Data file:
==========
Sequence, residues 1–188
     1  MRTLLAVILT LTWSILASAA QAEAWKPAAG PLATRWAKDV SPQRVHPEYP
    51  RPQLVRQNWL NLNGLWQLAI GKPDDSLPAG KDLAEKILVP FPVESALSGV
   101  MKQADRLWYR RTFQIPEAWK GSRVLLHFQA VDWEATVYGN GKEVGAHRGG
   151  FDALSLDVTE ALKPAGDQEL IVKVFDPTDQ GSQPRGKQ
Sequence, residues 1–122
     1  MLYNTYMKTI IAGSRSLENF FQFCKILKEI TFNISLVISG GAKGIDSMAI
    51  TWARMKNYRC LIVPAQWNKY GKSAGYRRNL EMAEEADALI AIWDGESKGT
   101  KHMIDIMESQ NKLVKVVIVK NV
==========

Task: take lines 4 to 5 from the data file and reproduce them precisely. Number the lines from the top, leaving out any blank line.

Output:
   101  MKQADRLWYR RTFQIPEAWK GSRVLLHFQA VDWEATVYGN GKEVGAHRGG
   151  FDALSLDVTE ALKPAGDQEL IVKVFDPTDQ GSQPRGKQ